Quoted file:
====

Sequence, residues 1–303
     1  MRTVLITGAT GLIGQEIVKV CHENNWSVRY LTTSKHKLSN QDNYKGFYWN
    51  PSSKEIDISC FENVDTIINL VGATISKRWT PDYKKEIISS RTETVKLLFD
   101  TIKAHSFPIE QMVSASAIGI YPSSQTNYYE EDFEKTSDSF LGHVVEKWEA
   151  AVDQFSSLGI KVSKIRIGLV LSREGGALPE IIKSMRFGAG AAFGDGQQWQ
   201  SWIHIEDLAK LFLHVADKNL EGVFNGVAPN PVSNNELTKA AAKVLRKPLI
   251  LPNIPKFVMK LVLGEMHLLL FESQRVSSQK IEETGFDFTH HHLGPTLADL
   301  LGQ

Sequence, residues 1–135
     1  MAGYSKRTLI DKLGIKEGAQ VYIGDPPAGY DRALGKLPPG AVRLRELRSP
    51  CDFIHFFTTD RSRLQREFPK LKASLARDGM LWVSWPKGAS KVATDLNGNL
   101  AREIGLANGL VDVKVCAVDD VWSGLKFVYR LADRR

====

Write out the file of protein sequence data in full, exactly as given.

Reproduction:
Sequence, residues 1–303
     1  MRTVLITGAT GLIGQEIVKV CHENNWSVRY LTTSKHKLSN QDNYKGFYWN
    51  PSSKEIDISC FENVDTIINL VGATISKRWT PDYKKEIISS RTETVKLLFD
   101  TIKAHSFPIE QMVSASAIGI YPSSQTNYYE EDFEKTSDSF LGHVVEKWEA
   151  AVDQFSSLGI KVSKIRIGLV LSREGGALPE IIKSMRFGAG AAFGDGQQWQ
   201  SWIHIEDLAK LFLHVADKNL EGVFNGVAPN PVSNNELTKA AAKVLRKPLI
   251  LPNIPKFVMK LVLGEMHLLL FESQRVSSQK IEETGFDFTH HHLGPTLADL
   301  LGQ

Sequence, residues 1–135
     1  MAGYSKRTLI DKLGIKEGAQ VYIGDPPAGY DRALGKLPPG AVRLRELRSP
    51  CDFIHFFTTD RSRLQREFPK LKASLARDGM LWVSWPKGAS KVATDLNGNL
   101  AREIGLANGL VDVKVCAVDD VWSGLKFVYR LADRR